What attracted you to the auto industry? When I was doing textile design for my undergraduate, there was a competition in London of all the different textile designs. You could pick fashion, home furnishings, whatever. And there was one section that I had not thought about, which was doing fabrics for transportation. So I designed some fabrics for a car and I really enjoyed it. Then I found out that the Royal College of Art did this transport-design course, and they took one person a year to do interiors. So I applied for that and got it.
First automotive job: At GM Europe, Opel, working in the color and trim studio in 1989.
Big break: Probably when Ed [Welburn, GM global design chief] asked me to go into the interior studios and put me in charge of the Corvette interiors and full-size truck interiors. I never thought about doing that before. It was Ed who had faith in me. Everything up until then was always in my comfort zone of textile design and color and trim, which I had always trained to do.
What is the major challenge you've faced in your career? When I was asked to do the Corvette interior. That was a big challenge, not to screw that one up. And next I got all the full-size trucks and SUV interiors. I was doing them all at the same time. I remember laughing with Ed, saying "I'm the newbie, and I've got all of the money-making projects. Are you sure you don't want to move me to a different group?"
Who has had the biggest influence on your career? Ed Welburn by far. And I'm not just saying that because he's my boss. When I first came here, I was a manager in the color and trim studio. Wayne Cherry brought me here from Opel. When Ed took over, I was running all of color and trim, but I wasn't at the director level. He told me, "I'm going to make you a director." And he kept his word. Later, when I went to him with the idea of a global color and trim director, he gave me that role. Then he put me in the studio.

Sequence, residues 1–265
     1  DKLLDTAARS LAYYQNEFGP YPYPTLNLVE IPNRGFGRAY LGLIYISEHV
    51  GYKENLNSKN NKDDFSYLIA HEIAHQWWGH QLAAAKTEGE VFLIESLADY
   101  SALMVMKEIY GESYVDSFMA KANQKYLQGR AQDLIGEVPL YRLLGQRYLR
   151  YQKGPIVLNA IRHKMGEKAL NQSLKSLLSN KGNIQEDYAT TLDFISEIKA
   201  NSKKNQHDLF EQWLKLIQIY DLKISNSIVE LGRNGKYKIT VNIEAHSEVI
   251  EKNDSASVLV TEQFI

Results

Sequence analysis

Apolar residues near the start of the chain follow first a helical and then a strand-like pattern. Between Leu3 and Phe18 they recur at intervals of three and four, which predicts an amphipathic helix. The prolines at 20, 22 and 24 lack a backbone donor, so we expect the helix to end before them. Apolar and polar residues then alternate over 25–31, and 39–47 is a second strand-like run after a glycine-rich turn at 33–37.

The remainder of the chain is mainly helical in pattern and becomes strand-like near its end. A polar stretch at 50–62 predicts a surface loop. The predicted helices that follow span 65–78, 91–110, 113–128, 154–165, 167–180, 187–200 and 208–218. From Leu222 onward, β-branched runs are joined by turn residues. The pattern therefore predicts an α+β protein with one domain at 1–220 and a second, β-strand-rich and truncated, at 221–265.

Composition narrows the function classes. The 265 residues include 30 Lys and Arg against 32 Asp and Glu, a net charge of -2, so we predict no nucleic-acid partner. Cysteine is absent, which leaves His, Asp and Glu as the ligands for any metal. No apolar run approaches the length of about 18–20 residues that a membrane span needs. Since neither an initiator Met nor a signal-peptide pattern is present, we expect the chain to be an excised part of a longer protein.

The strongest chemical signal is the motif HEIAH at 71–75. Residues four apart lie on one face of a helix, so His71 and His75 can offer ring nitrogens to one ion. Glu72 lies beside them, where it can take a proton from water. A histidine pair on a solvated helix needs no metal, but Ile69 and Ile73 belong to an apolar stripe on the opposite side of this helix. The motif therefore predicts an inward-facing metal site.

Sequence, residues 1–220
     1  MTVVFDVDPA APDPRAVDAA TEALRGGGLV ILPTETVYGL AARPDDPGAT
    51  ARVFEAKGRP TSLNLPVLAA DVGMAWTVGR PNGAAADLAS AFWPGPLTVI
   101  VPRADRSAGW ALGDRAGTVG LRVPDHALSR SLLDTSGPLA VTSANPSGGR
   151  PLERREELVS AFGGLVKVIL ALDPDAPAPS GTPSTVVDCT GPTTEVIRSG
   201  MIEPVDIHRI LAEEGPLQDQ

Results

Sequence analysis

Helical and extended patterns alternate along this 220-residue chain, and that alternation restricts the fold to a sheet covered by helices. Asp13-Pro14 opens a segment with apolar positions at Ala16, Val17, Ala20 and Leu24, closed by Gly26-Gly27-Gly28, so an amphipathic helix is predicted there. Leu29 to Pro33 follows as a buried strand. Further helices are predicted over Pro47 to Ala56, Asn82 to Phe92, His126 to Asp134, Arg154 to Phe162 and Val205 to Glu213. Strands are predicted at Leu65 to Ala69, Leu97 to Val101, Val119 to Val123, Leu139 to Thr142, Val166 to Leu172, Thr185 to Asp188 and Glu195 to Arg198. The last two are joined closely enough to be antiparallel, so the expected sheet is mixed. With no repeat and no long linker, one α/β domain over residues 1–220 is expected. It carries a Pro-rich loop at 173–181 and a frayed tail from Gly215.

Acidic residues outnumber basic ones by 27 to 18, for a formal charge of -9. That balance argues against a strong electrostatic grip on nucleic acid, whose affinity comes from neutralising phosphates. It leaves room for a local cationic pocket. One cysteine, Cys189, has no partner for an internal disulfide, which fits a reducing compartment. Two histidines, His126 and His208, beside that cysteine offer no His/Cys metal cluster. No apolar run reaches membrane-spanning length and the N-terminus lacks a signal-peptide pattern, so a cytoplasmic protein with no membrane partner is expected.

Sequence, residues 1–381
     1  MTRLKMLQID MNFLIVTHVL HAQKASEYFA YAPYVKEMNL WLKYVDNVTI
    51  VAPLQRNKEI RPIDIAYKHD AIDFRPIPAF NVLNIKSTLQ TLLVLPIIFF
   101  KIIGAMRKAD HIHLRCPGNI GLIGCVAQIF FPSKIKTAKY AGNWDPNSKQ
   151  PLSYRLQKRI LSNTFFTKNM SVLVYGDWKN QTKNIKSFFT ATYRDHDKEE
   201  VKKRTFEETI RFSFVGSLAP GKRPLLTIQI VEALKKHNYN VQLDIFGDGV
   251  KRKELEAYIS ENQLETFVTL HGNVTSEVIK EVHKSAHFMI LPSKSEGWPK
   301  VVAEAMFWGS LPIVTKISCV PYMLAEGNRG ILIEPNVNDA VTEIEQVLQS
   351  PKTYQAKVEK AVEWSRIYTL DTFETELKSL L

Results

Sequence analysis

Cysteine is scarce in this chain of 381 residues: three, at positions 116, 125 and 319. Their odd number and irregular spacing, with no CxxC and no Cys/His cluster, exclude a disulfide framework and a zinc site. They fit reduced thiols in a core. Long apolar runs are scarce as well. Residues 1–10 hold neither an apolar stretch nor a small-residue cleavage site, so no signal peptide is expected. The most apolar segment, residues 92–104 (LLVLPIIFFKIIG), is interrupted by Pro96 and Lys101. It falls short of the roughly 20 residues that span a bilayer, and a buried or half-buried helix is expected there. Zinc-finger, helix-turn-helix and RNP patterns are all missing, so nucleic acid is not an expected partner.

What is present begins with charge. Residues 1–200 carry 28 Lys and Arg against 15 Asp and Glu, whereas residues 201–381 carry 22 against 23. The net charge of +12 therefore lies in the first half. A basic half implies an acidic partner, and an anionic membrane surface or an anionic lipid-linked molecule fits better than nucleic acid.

What should be done to encourage women to enter the auto industry? In design, we go to the high schools. We meet the parents. A lot of times parents don't think that going into automotive is a good career choice for women. And a lot of parents are nervous to allow their kids to study anything that's art-based. They think they're going to end up as starving artists living in Paris. You've got to explain to them that there are jobs that can earn money.
Tell us about your family. My whole family is in England. My dad is retired from the railway. I grew up on the railway — we used to go everywhere by train. I am now remarried. My husband, David, works here at design. He's a supervisor in the wood shops. My son, Connor, is 13. He's not into art at all. He's very much into computers. Anything Apple.
What's your favorite weekend activity? Just being with my son. We go out for dinner. We go to Dave & Buster's. He loves playing all the games. We go swimming a lot.
If you could have dinner with anyone, living or dead, who would it be? You're going to laugh, but ever since I was a kid I've thought he was great. Clint Eastwood. My grandparents used to watch old spaghetti Westerns.
When and where was your last vacation? I went in July to Disney World. It was quite good fun. I'm terrified of heights and I had to go on all of these rides.
By Mike Colias